Barry J Rodger
16. Regulation 1/2003 (and Beyond): Balancing Effective Enforcement and Due Process in Cross-Border Antitrust Investigations
Damien MB Gerard
17. Recognition of Foreign Decisions within the European Competition Network
Jurgen Basedow
How to apply Articles 5(1) and 5(3) of the Brussels I Regulation to Private Enforcement of Competition Law: a Coherent Approach
Blanca Vila Costa
International Cartels and the Place of Acting under Article 5(3) of the Brussels I Regulation
Jurgen Basedow
Jurisdiction Issues: Brussels I Regulation Articles 6(1), 23, 27 and 28 in Antitrust Litigation
Michael Wilderspin
Rome I and Antitrust Litigation
Marc Fallon & Stephanie Francq
Rome II and Antitrust Litigation
Stephanie Francq & Wolfgang Wurmnest
Relevance of the Distinction between the Contractual and Non-Contractual Spheres (Jurisdiction and Applicable Law)
Sylvaine Poillot-Peruzzetto & Dominika Lawnicka
International Litigation and Competition Law: the Case of Collective Redress
Dimitrios-Panagiotis L Tzakas
Arbitration and EU Competition Law
Assimakis P Komninos
Recognition and Enforcement of Foreign Judgments
Catherine Kessedjian
Access to Evidence and Files of Competition Authorities
Laurence Idot
Exchange of Information and Opinions between European Competition Authorities and Courts - From a Swedish Perspective
Robert Molden
The ECN and Coordination of Public Enforcement of EU Law - Can Lessons Be Learned from International Private Law Jurisdiction Rules and Vice-Versa?
Barry J Rodger
Regulation 1/2003 (and Beyond): Balancing Effective Enforcement and Due Process in Cross-Border Antitrust Investigations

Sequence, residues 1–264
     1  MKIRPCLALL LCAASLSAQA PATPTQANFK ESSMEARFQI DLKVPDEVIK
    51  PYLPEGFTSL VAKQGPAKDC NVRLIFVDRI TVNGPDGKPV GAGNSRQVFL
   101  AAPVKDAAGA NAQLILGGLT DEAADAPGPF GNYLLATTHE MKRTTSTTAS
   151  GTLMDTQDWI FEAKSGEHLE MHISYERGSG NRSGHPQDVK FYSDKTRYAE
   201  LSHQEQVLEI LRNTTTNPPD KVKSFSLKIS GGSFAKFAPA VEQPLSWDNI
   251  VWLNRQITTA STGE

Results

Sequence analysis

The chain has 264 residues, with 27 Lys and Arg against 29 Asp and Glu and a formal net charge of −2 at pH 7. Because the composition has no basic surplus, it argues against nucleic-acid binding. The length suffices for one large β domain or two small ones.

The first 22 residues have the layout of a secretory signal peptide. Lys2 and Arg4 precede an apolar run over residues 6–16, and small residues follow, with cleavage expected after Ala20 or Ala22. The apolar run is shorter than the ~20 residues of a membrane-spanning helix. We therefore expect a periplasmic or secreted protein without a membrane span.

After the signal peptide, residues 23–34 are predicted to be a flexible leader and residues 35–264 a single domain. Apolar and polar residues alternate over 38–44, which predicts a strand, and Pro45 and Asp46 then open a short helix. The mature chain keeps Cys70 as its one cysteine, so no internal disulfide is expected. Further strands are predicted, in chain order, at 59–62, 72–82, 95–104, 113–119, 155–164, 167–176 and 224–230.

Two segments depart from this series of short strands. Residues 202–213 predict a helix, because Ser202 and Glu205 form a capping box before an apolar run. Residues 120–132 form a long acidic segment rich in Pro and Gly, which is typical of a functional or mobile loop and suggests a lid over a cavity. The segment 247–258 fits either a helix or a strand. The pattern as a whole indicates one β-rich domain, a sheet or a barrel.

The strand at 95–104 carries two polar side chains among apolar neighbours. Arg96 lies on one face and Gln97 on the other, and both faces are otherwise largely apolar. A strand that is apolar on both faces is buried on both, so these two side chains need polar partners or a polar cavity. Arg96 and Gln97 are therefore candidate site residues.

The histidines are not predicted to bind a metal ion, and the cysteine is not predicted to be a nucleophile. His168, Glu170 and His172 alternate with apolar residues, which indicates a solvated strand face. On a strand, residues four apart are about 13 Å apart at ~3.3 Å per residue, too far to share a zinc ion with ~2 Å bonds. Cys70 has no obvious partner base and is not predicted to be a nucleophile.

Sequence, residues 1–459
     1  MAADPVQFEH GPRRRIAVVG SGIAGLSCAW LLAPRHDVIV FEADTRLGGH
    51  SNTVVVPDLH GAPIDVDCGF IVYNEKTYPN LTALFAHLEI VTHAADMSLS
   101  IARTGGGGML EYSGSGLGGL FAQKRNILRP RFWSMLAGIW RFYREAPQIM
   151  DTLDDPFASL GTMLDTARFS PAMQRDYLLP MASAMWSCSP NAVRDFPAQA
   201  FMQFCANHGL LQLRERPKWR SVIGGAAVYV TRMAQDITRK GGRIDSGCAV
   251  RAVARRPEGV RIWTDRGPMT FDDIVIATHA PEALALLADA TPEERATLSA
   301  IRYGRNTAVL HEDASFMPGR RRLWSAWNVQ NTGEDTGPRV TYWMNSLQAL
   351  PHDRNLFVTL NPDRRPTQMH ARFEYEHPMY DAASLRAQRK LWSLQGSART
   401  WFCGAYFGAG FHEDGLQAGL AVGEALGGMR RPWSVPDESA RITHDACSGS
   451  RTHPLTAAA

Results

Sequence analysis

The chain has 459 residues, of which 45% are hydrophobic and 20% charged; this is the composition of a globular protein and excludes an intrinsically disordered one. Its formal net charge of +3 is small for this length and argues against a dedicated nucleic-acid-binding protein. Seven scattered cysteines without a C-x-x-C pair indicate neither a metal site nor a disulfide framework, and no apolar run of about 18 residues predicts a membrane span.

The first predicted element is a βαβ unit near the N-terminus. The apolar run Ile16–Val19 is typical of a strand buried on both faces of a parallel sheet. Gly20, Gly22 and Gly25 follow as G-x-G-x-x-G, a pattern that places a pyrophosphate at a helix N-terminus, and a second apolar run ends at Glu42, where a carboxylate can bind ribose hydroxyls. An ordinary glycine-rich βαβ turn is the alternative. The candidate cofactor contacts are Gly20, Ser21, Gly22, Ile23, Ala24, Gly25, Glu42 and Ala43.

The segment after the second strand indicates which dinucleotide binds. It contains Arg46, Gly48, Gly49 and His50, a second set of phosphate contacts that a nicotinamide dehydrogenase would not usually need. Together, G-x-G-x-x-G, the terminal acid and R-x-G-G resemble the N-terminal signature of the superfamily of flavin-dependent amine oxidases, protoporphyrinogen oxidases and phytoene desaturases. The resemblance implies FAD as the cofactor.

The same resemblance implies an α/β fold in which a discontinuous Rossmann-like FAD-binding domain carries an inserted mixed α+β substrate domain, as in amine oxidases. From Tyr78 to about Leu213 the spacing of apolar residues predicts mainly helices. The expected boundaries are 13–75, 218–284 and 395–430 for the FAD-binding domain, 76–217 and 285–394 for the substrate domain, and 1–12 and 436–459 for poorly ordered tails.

Damien MB Gerard
Recognition of Foreign Decisions within the European Competition Network
Jurgen Basedow
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Review quote

...a good read for lawyers, academics, students and even businesses that are frequently dealing with antitrust issues within the international realm. -- Christina Gavriilidou * Association for International Arbitration Newsletter, 'In Touch' * ...this volume is currently one of the most extensive and most current books on international antitrust litigation. The book is well structured and the chapters are put together in a comprehensible manner...highly recommended for academics, practitioners and policy-makers with an interest in competition law and/or private international law. -- Baskaran Balasingham * Global Antitrust Review * ...an important piece of rigorous scholarship, raising numerous questions of great practical importance in international antitrust litigation. It is particularly valuable since it is the first to offer such a comprehensive take on the issues related to such litigation in the EU context. It will be of interest not only to legal scholars, but also to policy-makers and practitioners. Both groups are likely to benefit from the identification of the existing challenges of the present regulatory frameworks, the suggested possible interpretation of problematic provisions, and the offered policy proposals. -- Marek Martyniszyn * Global Competition Litigation Review, Volume 5, Issue 4, *
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About Jurgen Basedow

Jurgen Basedow is Director, Max Planck Institute for Comparative and International Private Law, Hamburg, Professor at the University of Hamburg and former chairman of the German Monopolies Commission.
Stephanie Francq is Professor and Chair of European Law at the Catholic University of Louvain.
Laurence Idot is Professor at the University Paris II Pantheon-Assas and member of the Board of the French Competition Authority.